CARI/ICTAC spring school
Stellenbosch, South Africa, 12-15 October 2018
Stellenbosch, South Africa, 12-15 October 2018
This is a spring school affiliated to both CARI and ICTAC 2018. The program consists of 7 half-day tutorials.
Interactive Theorem Proving and Program Developmentpart 1, part 2, part 3, part 4, part 5.
Interactive theorem proving is a viable approach to reduce the number of bugs present in modern software, with applications in language design, operating systems, compilers, and a wide variety of mathematical algorithms. The aim of the course is to teach the basic methods relying on an interactive theorem proof assistant to describe formal models of systems, reason about their properties, specify algorithm requirements and solutions, and construct proofs of correctness. This course will be organized in five sub-modules:
- Describing algorithms in the functional setting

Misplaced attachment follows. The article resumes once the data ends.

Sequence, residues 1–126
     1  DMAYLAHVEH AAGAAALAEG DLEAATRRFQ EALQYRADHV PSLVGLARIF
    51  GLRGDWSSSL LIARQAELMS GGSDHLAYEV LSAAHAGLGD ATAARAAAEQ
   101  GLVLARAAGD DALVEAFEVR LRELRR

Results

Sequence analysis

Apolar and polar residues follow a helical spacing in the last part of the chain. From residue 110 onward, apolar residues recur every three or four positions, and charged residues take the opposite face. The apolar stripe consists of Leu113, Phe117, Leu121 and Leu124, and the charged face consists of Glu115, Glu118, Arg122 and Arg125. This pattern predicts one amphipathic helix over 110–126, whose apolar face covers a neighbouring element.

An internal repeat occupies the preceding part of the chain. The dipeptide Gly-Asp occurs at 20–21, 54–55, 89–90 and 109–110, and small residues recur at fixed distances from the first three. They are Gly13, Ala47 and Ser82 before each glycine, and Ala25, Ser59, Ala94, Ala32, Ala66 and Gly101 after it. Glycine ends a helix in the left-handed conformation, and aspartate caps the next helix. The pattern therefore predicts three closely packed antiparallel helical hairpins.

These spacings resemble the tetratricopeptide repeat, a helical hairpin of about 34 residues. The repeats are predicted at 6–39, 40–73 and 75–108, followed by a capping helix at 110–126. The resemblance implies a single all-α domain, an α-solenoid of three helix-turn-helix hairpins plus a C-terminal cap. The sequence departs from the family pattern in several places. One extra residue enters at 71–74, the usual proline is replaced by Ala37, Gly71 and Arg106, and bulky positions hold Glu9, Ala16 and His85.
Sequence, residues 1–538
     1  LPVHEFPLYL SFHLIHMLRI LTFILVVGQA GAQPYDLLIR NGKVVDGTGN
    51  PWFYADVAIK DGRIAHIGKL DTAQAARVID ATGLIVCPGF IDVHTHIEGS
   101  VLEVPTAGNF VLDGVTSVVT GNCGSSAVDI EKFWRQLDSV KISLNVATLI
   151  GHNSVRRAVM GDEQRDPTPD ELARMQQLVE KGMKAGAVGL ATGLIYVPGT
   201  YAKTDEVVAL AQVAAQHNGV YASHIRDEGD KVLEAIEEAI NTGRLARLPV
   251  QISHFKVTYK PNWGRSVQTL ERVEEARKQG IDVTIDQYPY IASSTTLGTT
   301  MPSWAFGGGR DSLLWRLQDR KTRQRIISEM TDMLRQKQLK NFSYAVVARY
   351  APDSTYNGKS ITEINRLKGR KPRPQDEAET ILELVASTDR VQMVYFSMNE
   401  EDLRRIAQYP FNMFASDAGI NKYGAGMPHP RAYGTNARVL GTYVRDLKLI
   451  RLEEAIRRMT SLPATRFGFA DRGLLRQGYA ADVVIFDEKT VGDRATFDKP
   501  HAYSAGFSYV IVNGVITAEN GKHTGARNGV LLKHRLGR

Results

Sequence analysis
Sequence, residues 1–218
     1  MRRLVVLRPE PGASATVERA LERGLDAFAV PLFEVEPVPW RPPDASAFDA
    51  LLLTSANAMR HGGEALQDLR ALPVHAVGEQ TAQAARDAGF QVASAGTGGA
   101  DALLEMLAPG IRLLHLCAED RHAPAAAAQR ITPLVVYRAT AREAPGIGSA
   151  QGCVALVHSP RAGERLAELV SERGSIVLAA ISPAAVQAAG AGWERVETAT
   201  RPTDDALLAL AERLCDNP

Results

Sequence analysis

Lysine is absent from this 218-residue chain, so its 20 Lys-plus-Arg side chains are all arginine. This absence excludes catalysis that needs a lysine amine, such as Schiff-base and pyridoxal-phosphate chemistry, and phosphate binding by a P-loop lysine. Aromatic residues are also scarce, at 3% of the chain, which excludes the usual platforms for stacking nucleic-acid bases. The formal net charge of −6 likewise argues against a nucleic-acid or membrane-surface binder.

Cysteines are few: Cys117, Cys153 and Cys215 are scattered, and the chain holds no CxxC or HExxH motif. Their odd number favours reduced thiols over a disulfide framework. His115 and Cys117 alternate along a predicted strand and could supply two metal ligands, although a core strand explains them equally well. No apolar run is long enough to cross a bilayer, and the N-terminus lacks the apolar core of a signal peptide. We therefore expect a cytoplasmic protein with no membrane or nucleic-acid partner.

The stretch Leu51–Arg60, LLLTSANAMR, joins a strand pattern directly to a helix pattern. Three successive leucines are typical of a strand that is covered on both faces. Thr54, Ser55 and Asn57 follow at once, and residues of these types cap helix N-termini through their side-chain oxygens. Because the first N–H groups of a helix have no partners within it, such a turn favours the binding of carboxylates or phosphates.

- Describing logical properties and performing basic proofs
- Reasoning about recursive functions
- Proofs of programs concerning numbers
- General data types and proofs of advanced programs and algorithms
Verification of Security Protocols:
From Confidentiality to Privacy
Slides: full set
Security protocols are widely used today to secure transactions that take place through public channels like the Internet. Typical functionalities are the transfer of a credit card number or the authentication of a user on a system. Because of their increasing ubiquity in many important applications (e.g. electronic commerce, smartphone, government-issued ID, ...), a very important research challenge consists in developing methods and verification tools to increase our trust on security protocols, and so on the applications that rely on them. Formal methods offer symbolic models to carefully analyse security protocols, together with a set of proof techniques and efficient verification tools. These methods build on techniques from model-checking, automated reasoning and concurrency theory. We will explain how security protocols as well as the security properties they are supposed to achieve are formalised in symbolic models. Then, we will describe and discuss techniques to automatically verify different kinds of security properties. The course will also contain practical sessions where students will be introduced to the use of a protocol verification tool.
Derivation beyond Regular Languages